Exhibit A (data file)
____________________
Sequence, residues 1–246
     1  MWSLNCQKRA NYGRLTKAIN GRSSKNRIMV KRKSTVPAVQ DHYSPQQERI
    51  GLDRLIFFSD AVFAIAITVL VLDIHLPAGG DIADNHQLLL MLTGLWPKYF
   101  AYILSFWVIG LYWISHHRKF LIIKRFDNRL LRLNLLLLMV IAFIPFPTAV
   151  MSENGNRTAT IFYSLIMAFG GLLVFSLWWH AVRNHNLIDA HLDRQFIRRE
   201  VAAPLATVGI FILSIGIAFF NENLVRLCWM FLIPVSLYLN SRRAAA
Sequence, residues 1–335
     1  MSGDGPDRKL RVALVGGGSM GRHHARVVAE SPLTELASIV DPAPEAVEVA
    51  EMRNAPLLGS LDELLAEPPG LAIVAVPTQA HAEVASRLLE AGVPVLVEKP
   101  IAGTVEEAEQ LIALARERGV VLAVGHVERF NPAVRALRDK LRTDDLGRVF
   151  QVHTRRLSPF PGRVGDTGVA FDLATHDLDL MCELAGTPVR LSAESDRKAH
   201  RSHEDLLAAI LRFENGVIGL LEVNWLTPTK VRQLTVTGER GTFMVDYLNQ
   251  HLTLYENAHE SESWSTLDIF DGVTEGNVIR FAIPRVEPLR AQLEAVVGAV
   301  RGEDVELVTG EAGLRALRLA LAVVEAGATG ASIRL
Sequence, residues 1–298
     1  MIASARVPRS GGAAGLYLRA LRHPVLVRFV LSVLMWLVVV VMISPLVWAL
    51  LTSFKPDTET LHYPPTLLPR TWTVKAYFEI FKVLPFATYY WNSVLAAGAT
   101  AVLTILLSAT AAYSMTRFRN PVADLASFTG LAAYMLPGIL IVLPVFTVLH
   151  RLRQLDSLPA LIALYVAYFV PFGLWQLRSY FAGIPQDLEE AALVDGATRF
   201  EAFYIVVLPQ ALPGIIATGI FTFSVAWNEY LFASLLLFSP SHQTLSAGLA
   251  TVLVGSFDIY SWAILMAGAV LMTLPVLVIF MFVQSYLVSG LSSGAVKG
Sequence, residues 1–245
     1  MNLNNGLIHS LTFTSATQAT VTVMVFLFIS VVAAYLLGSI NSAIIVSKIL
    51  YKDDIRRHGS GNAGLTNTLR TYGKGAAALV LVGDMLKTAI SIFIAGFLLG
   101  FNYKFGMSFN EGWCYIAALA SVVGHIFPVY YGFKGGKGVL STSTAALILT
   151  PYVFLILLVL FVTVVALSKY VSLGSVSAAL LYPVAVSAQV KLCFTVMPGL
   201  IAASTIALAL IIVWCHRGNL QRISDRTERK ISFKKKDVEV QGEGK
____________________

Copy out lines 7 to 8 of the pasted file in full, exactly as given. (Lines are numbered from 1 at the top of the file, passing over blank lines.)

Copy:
Sequence, residues 1–335
     1  MSGDGPDRKL RVALVGGGSM GRHHARVVAE SPLTELASIV DPAPEAVEVA